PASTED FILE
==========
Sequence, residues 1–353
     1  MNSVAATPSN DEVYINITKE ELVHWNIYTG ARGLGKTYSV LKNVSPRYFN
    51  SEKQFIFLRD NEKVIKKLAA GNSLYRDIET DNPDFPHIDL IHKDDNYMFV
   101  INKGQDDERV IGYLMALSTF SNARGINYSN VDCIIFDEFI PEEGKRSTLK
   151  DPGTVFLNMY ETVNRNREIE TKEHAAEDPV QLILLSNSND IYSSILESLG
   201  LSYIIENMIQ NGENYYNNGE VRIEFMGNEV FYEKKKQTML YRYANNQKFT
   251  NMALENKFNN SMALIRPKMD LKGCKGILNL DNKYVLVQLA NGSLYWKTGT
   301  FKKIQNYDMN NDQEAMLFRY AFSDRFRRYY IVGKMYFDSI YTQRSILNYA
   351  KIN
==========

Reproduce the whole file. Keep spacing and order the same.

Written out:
Sequence, residues 1–353
     1  MNSVAATPSN DEVYINITKE ELVHWNIYTG ARGLGKTYSV LKNVSPRYFN
    51  SEKQFIFLRD NEKVIKKLAA GNSLYRDIET DNPDFPHIDL IHKDDNYMFV
   101  INKGQDDERV IGYLMALSTF SNARGINYSN VDCIIFDEFI PEEGKRSTLK
   151  DPGTVFLNMY ETVNRNREIE TKEHAAEDPV QLILLSNSND IYSSILESLG
   201  LSYIIENMIQ NGENYYNNGE VRIEFMGNEV FYEKKKQTML YRYANNQKFT
   251  NMALENKFNN SMALIRPKMD LKGCKGILNL DNKYVLVQLA NGSLYWKTGT
   301  FKKIQNYDMN NDQEAMLFRY AFSDRFRRYY IVGKMYFDSI YTQRSILNYA
   351  KIN